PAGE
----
When it comes to animated series especially suited for beat 'em up video games, Cartoon Network's "Batman: The Brave and the Bold" is not only a no-brainer, it's such a must that when WayForward Technologies announced its adaptation, fans expected the very best. The developer has consistently delivered trailers that show off fluid 2D animation, a voice cast culled straight from the show and interconnected console features on the way to the game's September 7 release.

ComicsAlliance took the opportunity to pick the brain of "Batman: The Brave and the Bold The Videogame" Designer/Director Adam Tierney to learn more aout WayForward's character selection process, the comics that influenced the title and where the game's plot fits in with the show's three seasons.

ComicsAlliance: What kind of access did you have to DC's character roster? How did you narrow down which heroes would be directly playable versus which heroes would work better as NPCs?

Adam Tierney: Narrowing it down was definitely a challenge! When we started on Batman: The Brave and the Bold the Videogame, the cartoon was still airing its first season, but Warner Bros. Animation gave us a detailed lineup of who would be appearing in seasons 2 and 3, so we knew which characters would be available to us. Selecting the characters was a balance of who both WayForward and Warner Bros. Interactive Entertainment wanted in the game, and also which characters fans would expect in addition to some surprises thrown in for a well-rounded mix. I'm personally a huge fan of Geoff Johns' run on The Flash, so we brought The Rogues in (Captain Cold, Heatwave, and Weather Wizard) for a teaser battle. I've also been a fan of Peter Tomasi's run on Green Lantern Corps, which is one of the reasons our playable Green Lantern is Guy Gardner (sorry, Hal fans - although he does appear as a jump- in).

As for which characters would be playable, jump-in, or supporting, the biggest deciding factor was story. The game has a huge story component (over 400 pages of running dialogue), so we teamed Batman up with characters that played well off his stick-in-the- mud attitude. Once we had our plots and primary heroes worked out, the secondary heroes were selected based on who had the coolest attacks, and the most memorable personalities. Each of their appearances is only a few seconds long, but they give you an instant impression of who that character is, such as when Booster Gold poses for Paparazzi snapshots, while letting Skeets fly around doing all the tough work.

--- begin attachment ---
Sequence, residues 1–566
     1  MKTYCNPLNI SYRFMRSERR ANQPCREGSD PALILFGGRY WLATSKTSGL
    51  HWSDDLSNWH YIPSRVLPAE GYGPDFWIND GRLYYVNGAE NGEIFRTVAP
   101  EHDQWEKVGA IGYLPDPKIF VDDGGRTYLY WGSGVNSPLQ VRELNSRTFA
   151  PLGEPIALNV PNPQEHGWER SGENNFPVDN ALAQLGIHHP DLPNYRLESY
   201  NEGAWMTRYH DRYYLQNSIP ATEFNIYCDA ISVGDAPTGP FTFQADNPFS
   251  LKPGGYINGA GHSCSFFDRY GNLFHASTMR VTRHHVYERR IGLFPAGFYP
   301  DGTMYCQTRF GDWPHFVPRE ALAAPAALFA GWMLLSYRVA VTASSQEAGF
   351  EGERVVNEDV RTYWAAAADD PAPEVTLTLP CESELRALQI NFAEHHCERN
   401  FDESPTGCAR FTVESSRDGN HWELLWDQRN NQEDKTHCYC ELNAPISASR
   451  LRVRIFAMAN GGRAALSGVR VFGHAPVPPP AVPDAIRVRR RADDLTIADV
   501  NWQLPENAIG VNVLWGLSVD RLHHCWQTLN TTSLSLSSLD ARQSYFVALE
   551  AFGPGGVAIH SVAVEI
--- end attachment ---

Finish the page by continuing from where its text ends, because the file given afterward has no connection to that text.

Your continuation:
CA: Which heroes' powers were the biggest challenge to bring to life in the game?

AT: The game was animated in 2D, identical to the art style of the TV show. So the easiest powers to produce were ones that could be visualized entirely through animation (like Batman swinging his laser sword - yeah, that's in there). The tougher ones were powers that were very organic, like Guy's ring constructs, because they needed to be usable anywhere onscreen at any angle. Abilities like that were a bit trickier to nail, but in the end the team did a fantastic job at bringing each of these iconic abilities to life.

CA: Heroes are only as good as their villains. How did you narrow down which foes the 'Brave and the Bold' roster would square off against?

AT: Like the hero selection, it mostly came down to the plots. The show is charming in the way that it pairs villains and heroes you wouldn't normally see battling, so we tried to follow suit. Of the game's four episodes, the first is the most traditionally 'Batman' to ease the player in. It takes place in Gotham City, your partner is Robin, and the primary villains are Catman and Catwoman. And just as it's important to have good banter between the two heroes, we selected villains that played off each other well, too.

CA: While "Batman: The Brave and the Bold" is generally targeted to an audience of younger boys, did you consider making any female heroes playable or drop-in allies? (If there are any female heroes featured, what made them a good fit for the game?)